Max Sessner

In the Café

This dog
how he looks at me
as if we must have known each other
I pay and
we chat a little longer
once we were
like brothers he says
and lays his paw
on my knee that was
long ago and if you
don’t remember anymore
I can understand
but I still see
everything before me
as if it were yesterday
the old hick town
and us forever young
but in the end
I — mouth still full
of morning air — totalled
the car and myself
your grief was great
and your tears genuine
many years have
vanished and today
what a surprise
we run into
each other again
do you have children
are you a happy man
tell me fast before we
lose each other
again someone is already
pulling on my leash
and what about you
shouldn’t you already
be home
by now

MAX SESSNER was born in 1959 in Fürth, Germany. He lives with his wife in Augsburg and has worked as a bookseller, for the department of public health, and for the Augsburg public library. Sessner is the author of eight books of poetry including Das Wasser von Gestern (edition Azur, 2019), Warum Gerade Heute (Literaturverlag Droschl, 2012) and Küchen und Züge (Literaturverlag Droschl, 2005). Among other honors, he was awarded the 2019 Rotahorn Literary Prize.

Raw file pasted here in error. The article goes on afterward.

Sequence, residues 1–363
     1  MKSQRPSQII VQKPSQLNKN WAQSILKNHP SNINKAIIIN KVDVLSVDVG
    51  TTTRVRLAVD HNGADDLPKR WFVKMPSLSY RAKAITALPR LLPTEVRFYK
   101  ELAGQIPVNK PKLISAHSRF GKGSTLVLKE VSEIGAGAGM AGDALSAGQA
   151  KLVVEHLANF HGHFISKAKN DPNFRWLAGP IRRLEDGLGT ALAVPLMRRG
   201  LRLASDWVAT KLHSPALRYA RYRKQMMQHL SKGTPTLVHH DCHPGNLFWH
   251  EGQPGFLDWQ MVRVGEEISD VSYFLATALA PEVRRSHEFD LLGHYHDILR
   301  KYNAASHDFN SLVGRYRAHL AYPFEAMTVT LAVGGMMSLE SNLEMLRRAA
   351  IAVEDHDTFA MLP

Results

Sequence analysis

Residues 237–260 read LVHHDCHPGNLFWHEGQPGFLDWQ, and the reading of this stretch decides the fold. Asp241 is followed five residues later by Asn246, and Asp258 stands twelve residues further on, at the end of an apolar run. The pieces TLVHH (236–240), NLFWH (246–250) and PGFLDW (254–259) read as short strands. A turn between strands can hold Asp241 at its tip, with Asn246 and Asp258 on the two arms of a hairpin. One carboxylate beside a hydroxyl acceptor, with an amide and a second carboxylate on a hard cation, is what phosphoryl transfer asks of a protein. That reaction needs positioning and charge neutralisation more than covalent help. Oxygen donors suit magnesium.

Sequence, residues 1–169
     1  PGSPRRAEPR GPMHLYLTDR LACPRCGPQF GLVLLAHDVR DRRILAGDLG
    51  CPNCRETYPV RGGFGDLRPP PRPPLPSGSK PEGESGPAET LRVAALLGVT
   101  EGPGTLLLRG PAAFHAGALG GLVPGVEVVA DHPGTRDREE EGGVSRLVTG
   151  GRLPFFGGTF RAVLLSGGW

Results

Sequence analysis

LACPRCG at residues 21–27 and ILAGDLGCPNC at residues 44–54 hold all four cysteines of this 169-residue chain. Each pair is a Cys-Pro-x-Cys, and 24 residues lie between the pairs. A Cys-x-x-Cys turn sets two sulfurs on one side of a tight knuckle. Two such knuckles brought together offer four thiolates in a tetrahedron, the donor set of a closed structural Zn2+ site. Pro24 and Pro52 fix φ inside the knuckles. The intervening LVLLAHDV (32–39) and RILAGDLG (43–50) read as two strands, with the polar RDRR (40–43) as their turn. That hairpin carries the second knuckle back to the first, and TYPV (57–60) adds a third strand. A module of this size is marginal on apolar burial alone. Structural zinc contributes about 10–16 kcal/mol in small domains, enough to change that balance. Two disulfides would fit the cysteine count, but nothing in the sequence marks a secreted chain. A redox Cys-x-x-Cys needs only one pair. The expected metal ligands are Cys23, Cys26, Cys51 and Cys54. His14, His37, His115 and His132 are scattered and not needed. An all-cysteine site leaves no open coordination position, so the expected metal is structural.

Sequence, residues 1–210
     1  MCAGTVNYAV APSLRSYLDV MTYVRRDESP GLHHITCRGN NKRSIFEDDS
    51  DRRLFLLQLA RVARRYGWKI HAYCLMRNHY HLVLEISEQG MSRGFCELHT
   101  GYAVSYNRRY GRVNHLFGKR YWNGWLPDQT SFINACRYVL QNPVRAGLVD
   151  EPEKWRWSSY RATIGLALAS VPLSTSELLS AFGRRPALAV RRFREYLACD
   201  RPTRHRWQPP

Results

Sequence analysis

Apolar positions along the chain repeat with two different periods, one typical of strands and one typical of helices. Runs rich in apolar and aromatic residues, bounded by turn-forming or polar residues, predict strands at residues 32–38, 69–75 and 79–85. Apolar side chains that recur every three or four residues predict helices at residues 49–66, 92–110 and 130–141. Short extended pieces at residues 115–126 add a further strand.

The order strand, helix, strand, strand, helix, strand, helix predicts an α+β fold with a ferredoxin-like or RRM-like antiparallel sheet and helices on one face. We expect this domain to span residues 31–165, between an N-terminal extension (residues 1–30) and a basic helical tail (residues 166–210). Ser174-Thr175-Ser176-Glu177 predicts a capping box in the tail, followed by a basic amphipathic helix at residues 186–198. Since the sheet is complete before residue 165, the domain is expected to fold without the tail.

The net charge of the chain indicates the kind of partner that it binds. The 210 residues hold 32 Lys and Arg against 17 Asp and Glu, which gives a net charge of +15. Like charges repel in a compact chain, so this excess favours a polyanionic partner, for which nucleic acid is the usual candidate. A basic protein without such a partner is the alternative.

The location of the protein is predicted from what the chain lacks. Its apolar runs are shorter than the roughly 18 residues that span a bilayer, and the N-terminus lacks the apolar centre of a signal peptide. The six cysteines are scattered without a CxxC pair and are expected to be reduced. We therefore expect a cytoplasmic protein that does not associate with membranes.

Author’s Website

About the Translator:

FRANCESCA BELL is a poet and translator. Her debut collection, Bright Stain (Red Hen Press, 2019), was a finalist for the Washington State Book Award and the Julie Suk Award. She translated a selection of Max Sessner’s poems, Whoever Drowned Here (Red Hen Press, 2023), from its original German. Her poems and translations appear in New Ohio Review, North American Review, Mid-American Review, Prairie Schooner, and Rattle. She lives with her family in Novato, California.

Translator’s Website

More by Max Sessner

Poems by Max Sessner in B O D Y
Poem in Waxwing
Poems in Rattle here, here, and here